Framing posthumous organ donation in terms of reciprocity

What are the emotional consequences?

A.J.M. Dijker, R.M.A. Nelissen, M.M.N. Stijnen

Research output: Contribution to journalArticleScientificpeer-review

Abstract

Posthumous organ donation was framed in terms of reciprocity by asking young participants to respond to another person who was or was not registered as an organ donor, while simultaneously manipulating participants' own registration status. Participants were additionally required to adopt the perspective of a potential donor or recipient of organs. The influence of these variables on self-reported anger, fear, pity, guilt, gratitude, and positive self-feelings is systematically described. The results illustrate the relative independence of self-preservational and altruistic motives in organ donation. Practical implications are discussed.
Original languageEnglish
Pages (from-to)256-264
JournalBasic and Applied Social Psychology
Volume35
Issue number3
DOIs
Publication statusPublished - 2013

Cite this

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title = "Framing posthumous organ donation in terms of reciprocity: What are the emotional consequences?",
abstract = "Posthumous organ donation was framed in terms of reciprocity by asking young participants to respond to another person who was or was not registered as an organ donor, while simultaneously manipulating participants' own registration status. Participants were additionally required to adopt the perspective of a potential donor or recipient of organs. The influence of these variables on self-reported anger, fear, pity, guilt, gratitude, and positive self-feelings is systematically described. The results illustrate the relative independence of self-preservational and altruistic motives in organ donation. Practical implications are discussed.",
author = "A.J.M. Dijker and R.M.A. Nelissen and M.M.N. Stijnen",
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Framing posthumous organ donation in terms of reciprocity : What are the emotional consequences? / Dijker, A.J.M.; Nelissen, R.M.A.; Stijnen, M.M.N.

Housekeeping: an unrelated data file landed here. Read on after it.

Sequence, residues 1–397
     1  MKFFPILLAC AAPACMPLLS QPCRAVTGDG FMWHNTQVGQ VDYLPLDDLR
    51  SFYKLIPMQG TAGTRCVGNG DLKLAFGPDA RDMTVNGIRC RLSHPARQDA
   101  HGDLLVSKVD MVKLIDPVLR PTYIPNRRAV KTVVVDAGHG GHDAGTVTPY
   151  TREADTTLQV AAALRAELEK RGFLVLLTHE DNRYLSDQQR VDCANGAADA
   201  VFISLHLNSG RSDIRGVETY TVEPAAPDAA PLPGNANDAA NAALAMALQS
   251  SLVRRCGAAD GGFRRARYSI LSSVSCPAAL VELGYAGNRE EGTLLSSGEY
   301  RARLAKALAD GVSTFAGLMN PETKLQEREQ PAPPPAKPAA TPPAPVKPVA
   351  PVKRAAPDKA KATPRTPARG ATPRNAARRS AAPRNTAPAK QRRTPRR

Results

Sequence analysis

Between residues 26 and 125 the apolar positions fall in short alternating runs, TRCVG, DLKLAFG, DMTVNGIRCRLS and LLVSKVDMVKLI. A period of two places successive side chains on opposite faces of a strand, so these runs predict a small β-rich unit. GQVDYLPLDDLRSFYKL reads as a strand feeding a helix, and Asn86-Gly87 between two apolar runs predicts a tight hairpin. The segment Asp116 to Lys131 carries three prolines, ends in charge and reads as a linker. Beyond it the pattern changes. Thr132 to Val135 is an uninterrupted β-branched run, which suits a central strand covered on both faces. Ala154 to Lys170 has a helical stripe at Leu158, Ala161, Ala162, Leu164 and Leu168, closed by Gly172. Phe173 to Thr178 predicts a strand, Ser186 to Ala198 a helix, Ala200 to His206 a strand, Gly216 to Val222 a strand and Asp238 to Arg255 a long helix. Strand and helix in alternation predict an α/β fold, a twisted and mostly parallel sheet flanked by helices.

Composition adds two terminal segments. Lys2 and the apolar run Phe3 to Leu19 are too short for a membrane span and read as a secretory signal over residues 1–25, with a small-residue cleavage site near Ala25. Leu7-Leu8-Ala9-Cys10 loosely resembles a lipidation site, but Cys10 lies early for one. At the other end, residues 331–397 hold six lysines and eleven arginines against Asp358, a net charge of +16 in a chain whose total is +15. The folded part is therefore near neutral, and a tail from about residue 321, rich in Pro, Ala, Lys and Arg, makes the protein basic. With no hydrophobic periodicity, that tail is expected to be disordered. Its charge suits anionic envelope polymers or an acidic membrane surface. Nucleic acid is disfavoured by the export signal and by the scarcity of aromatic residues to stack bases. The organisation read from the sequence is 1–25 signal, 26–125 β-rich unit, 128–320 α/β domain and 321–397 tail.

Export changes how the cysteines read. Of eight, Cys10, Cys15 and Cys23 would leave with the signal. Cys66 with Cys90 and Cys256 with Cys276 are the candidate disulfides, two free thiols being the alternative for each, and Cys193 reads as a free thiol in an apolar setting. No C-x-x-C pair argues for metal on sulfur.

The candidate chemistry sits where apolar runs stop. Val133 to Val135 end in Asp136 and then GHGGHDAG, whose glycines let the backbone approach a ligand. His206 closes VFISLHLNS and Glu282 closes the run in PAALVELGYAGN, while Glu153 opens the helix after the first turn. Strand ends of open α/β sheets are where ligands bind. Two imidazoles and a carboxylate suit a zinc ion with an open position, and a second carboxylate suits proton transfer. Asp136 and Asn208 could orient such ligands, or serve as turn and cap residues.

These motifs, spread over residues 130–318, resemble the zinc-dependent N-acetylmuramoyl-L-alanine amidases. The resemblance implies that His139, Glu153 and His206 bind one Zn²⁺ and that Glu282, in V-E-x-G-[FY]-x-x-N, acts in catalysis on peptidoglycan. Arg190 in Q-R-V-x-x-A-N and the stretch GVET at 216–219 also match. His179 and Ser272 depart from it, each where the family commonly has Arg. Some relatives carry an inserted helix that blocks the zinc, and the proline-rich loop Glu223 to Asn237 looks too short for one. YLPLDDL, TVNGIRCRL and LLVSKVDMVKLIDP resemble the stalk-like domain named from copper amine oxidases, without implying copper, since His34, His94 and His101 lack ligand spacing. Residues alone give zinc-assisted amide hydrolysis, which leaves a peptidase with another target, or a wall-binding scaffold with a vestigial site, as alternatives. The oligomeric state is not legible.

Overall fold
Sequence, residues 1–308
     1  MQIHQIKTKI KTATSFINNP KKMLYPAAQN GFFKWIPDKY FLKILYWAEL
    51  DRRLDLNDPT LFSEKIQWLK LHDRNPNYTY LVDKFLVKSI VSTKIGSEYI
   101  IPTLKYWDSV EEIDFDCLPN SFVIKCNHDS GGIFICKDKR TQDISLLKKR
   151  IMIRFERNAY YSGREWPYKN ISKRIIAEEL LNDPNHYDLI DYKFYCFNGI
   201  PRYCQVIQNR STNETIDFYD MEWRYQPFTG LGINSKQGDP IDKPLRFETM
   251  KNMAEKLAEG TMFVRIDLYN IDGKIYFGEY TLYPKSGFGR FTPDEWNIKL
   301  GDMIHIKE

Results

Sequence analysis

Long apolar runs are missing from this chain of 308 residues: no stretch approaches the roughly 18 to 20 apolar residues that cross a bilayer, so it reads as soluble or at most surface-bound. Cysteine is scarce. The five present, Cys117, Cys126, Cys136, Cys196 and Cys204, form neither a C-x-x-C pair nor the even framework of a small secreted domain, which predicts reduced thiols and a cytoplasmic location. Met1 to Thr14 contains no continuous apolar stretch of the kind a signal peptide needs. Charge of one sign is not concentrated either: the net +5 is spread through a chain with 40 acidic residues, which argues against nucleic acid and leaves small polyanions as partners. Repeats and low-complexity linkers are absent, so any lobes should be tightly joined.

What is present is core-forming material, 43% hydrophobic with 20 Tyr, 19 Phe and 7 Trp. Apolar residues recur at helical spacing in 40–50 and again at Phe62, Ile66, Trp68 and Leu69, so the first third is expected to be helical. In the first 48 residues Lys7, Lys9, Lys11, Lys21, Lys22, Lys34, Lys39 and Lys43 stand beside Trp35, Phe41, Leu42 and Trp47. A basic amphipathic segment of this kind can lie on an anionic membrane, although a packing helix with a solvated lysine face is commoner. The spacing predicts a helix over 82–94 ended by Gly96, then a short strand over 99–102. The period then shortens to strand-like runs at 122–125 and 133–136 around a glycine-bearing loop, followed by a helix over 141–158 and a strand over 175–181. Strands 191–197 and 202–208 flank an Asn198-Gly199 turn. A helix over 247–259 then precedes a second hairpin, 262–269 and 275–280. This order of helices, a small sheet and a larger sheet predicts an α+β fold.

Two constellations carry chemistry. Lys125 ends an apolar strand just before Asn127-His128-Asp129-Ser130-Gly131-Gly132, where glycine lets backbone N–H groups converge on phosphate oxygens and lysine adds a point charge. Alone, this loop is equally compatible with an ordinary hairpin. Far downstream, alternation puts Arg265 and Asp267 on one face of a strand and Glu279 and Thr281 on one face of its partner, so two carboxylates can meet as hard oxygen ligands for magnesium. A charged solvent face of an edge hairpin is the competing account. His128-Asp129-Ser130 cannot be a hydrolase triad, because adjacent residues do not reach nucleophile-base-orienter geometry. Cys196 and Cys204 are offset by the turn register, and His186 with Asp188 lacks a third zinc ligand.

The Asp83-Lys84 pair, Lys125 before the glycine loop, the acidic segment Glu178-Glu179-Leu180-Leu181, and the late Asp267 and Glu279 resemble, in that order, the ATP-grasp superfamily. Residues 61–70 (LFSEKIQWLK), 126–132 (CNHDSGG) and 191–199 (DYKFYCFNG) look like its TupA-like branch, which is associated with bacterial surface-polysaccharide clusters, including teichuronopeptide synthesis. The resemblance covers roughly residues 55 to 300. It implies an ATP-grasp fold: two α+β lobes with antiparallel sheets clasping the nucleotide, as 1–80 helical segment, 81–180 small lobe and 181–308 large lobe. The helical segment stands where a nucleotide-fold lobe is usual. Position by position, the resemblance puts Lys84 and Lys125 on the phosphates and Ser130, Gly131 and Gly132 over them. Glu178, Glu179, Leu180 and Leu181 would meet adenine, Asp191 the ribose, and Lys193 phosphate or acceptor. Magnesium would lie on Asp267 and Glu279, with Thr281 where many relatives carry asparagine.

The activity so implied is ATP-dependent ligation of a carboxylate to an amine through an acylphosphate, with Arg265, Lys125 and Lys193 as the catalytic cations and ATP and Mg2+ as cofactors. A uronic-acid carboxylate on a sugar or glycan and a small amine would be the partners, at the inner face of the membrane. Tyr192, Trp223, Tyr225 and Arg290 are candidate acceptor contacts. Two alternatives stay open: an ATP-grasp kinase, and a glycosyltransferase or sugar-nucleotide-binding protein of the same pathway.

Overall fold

In: Basic and Applied Social Psychology, Vol. 35, No. 3, 2013, p. 256-264.

Research output: Contribution to journalArticleScientificpeer-review

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AU - Nelissen, R.M.A.

AU - Stijnen, M.M.N.

PY - 2013

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N2 - Posthumous organ donation was framed in terms of reciprocity by asking young participants to respond to another person who was or was not registered as an organ donor, while simultaneously manipulating participants' own registration status. Participants were additionally required to adopt the perspective of a potential donor or recipient of organs. The influence of these variables on self-reported anger, fear, pity, guilt, gratitude, and positive self-feelings is systematically described. The results illustrate the relative independence of self-preservational and altruistic motives in organ donation. Practical implications are discussed.

AB - Posthumous organ donation was framed in terms of reciprocity by asking young participants to respond to another person who was or was not registered as an organ donor, while simultaneously manipulating participants' own registration status. Participants were additionally required to adopt the perspective of a potential donor or recipient of organs. The influence of these variables on self-reported anger, fear, pity, guilt, gratitude, and positive self-feelings is systematically described. The results illustrate the relative independence of self-preservational and altruistic motives in organ donation. Practical implications are discussed.

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DO - 10.1080/01973533.2013.785401

M3 - Article

VL - 35

SP - 256

EP - 264

JO - Basic and Applied Social Psychology

JF - Basic and Applied Social Psychology

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